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Firm Entry and Post-Entry Performance in the U.S. Chemical Industries

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  • Timothy Dunne
  • Mark J. Roberts
  • Larry Samuelson

Abstract

This paper examines the impact of entry on the structure of the U.S. chemical industries in the period 1963-1982. The paper measures both the immediate impact of entrants in terms of number, size and market shares and their subsequent growth and/or exit. Particular attention is devoted to the examination of entrant heterogeneity. The paper finds that while a large number of entrants appear in the chemical industries, they have a relatively small long-run impact. In addition, compared to previous work entrants are less important in the chemical industries than in manufacturing sector as a whole. Finally, the post-entry performance of new firms varies significantly across different categories of entry.

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File URL: ftp://ftp2.census.gov/ces/wp/1989/CES-WP-89-06.pdf
File Function: First version, 1989
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Bibliographic Info

Paper provided by Center for Economic Studies, U.S. Census Bureau in its series Working Papers with number 89-6.

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Length: 50 pages
Date of creation: Aug 1989
Date of revision:
Handle: RePEc:cen:wpaper:89-6

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Cited by:
  1. Mata, Jose & Portugal, Pedro & Guimaraes, Paulo, 1995. "The survival of new plants: Start-up conditions and post-entry evolution," International Journal of Industrial Organization, Elsevier, vol. 13(4), pages 459-481, December.
  2. Tain-Jy Chen & Grace Wu, 1996. "Determinants of divestment of FDI in Taiwan," Review of World Economics (Weltwirtschaftliches Archiv), Springer, vol. 132(1), pages 172-184, March.
  3. Barros, Pedro Pita, 1995. "Post-entry expansion in banking: The case of Portugal," International Journal of Industrial Organization, Elsevier, vol. 13(4), pages 593-611, December.
  4. Doms, Mark & Dunne, Timothy & Roberts, Mark J., 1995. "The role of technology use in the survival and growth of manufacturing plants," International Journal of Industrial Organization, Elsevier, vol. 13(4), pages 523-542, December.
  5. Dakshina G. De Silva & Robert Mccomb, 2012. "Research Universities And Regional High‐Tech Firm Start‐Up And Exit," Economic Inquiry, Western Economic Association International, vol. 50(1), pages 112-130, 01.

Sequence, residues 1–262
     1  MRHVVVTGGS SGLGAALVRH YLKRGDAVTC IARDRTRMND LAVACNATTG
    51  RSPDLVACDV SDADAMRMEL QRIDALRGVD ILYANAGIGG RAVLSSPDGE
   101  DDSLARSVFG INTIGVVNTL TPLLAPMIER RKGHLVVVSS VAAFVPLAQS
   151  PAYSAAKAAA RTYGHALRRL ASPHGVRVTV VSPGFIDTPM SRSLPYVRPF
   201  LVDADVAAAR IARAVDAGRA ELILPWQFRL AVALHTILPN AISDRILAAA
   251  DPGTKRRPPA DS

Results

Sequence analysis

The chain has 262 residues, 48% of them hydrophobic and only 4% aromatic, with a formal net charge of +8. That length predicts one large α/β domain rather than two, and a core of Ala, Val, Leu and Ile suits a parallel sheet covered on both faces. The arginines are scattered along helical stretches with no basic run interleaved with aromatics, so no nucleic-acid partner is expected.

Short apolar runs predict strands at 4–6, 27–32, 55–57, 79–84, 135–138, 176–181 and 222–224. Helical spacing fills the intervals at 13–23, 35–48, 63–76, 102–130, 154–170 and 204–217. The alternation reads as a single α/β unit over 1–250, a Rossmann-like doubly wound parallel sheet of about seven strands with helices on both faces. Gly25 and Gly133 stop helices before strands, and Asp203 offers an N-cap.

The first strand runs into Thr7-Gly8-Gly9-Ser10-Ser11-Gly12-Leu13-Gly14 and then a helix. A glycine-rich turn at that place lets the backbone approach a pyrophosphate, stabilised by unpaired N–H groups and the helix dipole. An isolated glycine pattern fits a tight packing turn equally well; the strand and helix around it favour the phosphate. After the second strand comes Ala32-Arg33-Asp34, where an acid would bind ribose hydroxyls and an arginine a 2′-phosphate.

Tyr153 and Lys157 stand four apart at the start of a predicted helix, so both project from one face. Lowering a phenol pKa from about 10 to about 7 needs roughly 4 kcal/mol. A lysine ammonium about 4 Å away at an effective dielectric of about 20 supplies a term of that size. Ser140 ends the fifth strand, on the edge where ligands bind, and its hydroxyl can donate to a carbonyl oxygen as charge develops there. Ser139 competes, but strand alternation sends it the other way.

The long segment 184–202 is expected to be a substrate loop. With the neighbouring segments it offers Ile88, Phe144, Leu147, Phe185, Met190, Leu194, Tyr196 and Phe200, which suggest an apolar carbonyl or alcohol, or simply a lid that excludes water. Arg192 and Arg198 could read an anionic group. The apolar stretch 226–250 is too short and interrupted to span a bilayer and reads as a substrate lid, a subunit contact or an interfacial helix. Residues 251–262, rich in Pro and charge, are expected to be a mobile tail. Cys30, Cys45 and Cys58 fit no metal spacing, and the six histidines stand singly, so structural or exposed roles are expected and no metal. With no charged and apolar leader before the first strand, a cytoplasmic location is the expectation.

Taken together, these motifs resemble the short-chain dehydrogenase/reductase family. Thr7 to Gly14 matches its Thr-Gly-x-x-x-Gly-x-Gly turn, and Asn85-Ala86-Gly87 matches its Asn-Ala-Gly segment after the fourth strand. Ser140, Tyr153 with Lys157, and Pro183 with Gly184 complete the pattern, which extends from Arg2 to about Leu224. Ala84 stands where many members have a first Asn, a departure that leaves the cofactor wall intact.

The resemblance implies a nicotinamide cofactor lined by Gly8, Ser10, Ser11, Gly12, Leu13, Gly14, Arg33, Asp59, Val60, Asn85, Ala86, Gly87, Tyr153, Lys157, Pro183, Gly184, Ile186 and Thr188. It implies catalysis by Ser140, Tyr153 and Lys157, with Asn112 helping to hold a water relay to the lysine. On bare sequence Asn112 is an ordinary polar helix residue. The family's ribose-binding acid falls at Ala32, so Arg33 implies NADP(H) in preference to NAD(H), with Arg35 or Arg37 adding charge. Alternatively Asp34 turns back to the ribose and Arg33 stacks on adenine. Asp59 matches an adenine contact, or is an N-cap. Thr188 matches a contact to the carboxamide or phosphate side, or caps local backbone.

6. Plehn-Dujowich, Jose M., 2009. "Entry and exit by new versus existing firms," International Journal of Industrial Organization, Elsevier, vol. 27(2), pages 214-222, March.
  7. Siow, Aloysius & Zhu, Xiaodong, 1997. "The creation of plants and firms," Journal of Economic Dynamics and Control, Elsevier, vol. 22(1), pages 141-178, November.
  8. Robert H Mcguckin, 1990. "Longitudinal Economic Data At The Census Bureau: A New Database Yields Fresh Insight On Some Old Issues," Working Papers 90-1, Center for Economic Studies, U.S. Census Bureau.
  9. Loderer, Claudio & Waelchli, Urs, 2010. "Firm age and performance," MPRA Paper 26450, University Library of Munich, Germany.
  10. Shepherd, Dean A. & Ettenson, Richard & Crouch, Andrew, 2000. "New venture strategy and profitability: A venture capitalist's assessment," Journal of Business Venturing, Elsevier, vol. 15(5-6), pages 449-467.
  11. Page, Scott E. & Tassier, Troy, 2007. "Why chains beget chains: An ecological model of firm entry and exit and the evolution of market similarity," Journal of Economic Dynamics and Control, Elsevier, vol. 31(10), pages 3427-3458, October.
  12. Stefan Bojnec & Ana Xavier, 2004. "Entry and exit in transition economies: the Slovenian manufacturing sector," Post-Communist Economies, Taylor & Francis Journals, vol. 16(2), pages 191-214.
  13. Brandts, Jordi & Yao, Lan, 2010. "Ambiguous Information and Market Entry: An Experimental Study," MPRA Paper 25276, University Library of Munich, Germany.
  14. KAWAKAMI Atsushi & MIYAGAWA Tsutomu, 2010. "Product Switching and Firm Performance in Japan," Discussion papers 10043, Research Institute of Economy, Trade and Industry (RIETI).

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